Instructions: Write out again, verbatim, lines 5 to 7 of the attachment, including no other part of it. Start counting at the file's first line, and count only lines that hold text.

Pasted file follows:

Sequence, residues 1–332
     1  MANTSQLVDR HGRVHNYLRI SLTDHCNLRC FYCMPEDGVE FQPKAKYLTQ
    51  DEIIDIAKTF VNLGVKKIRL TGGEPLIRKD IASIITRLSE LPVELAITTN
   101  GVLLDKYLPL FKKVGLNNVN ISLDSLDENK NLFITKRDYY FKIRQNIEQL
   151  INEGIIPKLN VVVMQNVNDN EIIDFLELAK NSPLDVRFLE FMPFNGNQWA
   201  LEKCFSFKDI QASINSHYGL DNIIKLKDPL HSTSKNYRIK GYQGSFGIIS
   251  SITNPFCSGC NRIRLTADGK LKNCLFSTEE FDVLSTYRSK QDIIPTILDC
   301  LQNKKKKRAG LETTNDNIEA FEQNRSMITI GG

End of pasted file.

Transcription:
   151  INEGIIPKLN VVVMQNVNDN EIIDFLELAK NSPLDVRFLE FMPFNGNQWA
   201  LEKCFSFKDI QASINSHYGL DNIIKLKDPL HSTSKNYRIK GYQGSFGIIS
   251  SITNPFCSGC NRIRLTADGK LKNCLFSTEE FDVLSTYRSK QDIIPTILDC